CW: I have been visiting here since I was a baby. It is a place of holidays and fishing with family. Nearly four years ago, I was at the gym with a trainer named Seychelle Hattingh (now Seychelle Webster), who is now a world-class athlete. In tears, I said I hated it inside there. Seychelle had a solution. It turned out, Seychelle held the world record in paddle boarding. She took me on the adventure of a lifetime. Being around people of excellence drives you to be the best in your own practice. I am forever grateful Seychelle’s path crossed paths with mine. We spent the next few months meeting three times a week in Key Largo and Islamorada. There, I intimately took in the extreme raw beauty of the place. Seychelle and I paddle boarded the Intracoastal. She took me to see the grandmother of the mangroves buried deep in one of the mangrove islands, hovered over manatees, stingrays and baby sharks. We paddled across landing spots for Cuban refugees. The evidence of their arrival — a mess of makeshift rope, wood, masts and metal. Birds would rise in a surprise rush from the leaves. Tropical fish of all kinds would greet the board. The big flat skies and clouds — as big as mountains — made their way into my paintings. We would paddle and talk and I would paint. I was becoming a part of the landscape itself. And that’s what needed to happen to capture it.

KA: What made the timing right for your return to the Florida Keys with “Keys Kintsugi: Healing, Memory and Rebirth?” Who are you collaborating with to present this exhibition?

CW: I wanted to collaborate with partners who had an equal passion for the Florida Keys and my work. There is a huge appreciation for art and a wonderful community of artists in Islamorada. I knew it would be a perfect fit when Russell Post invited me to exhibit at Roberto Russell Galleries. The gallery space and the expert team located at Ocean Sotheby’s Islamorada are excellent partners. I asked Valeray Francisco at The Directed Art Modern to curate the show. He demonstrated a passion for the contemporary exploration of wildlife and innovation in art installations that engage community and collectors while representing my work in Aspen and Jackson Hole this summer. I also deeply appreciate the support and expertise of my fellow board members of The Clark Hulings Fund, whose mission it is to see artists thrive. They have walked this journey with me in planning, studio visits and audience participation throughout this year.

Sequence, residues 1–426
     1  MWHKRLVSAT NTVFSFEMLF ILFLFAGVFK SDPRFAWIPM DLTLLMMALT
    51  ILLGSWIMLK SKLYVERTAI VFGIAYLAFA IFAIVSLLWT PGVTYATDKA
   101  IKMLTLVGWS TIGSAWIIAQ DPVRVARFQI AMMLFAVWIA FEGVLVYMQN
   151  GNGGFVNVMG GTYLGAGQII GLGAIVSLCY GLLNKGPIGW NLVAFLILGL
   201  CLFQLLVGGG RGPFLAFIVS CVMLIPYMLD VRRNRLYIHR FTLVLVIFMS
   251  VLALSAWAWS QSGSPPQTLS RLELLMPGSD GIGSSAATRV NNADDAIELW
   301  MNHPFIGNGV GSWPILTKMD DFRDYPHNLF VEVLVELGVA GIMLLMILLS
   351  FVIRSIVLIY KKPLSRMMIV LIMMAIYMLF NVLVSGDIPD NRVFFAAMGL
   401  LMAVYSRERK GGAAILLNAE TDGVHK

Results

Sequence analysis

KA: What do you think about the recent push to remove board members and distance benefactors in the art world who are financially or professionally tied to activities deemed detrimental to diversity among artists?

CW: To live and create in a time where art institutions are looking at their associations with a fresh lens is important. It is their responsibility to the public to strive to be conscious, informed, current, pragmatic, and then make the best decisions possible.

KA: The Florida Keys is one of the areas across the country most susceptible to rising sea levels. Does that feature in your work?

CW: In paintings like Card Sound, Kintsugi Turquoise, Kintsugi Cool Blue, and Peacock Dusk there is clearly a sensitivity — an expression of something strong and precious at the same time. A feeling that this precious view is in this form for a temporary time. Even without rising sea levels, the hurricane season has always given a certain impermanence to any view of the Florida Keys. Adding gold into these landscapes was my way of saying look at how precious these places are. Just as patrons during the Renaissance would invite artists to add gold into the holy people and places of their work, I am doing that in a contemporary way to say look at this heavenly place — feel the spiritual nature of this work that arises from such wild beauty — protect her, this is priceless. It’s ever changing, just like our lives. But protect her.

KA: What will you wake up and see in your studio tomorrow?

CW: A lot of drying paint brushes at the ready, and a giant abstract inspired by the flora and fauna of Florida I’m starting for a spring 2020 exhibit. ¦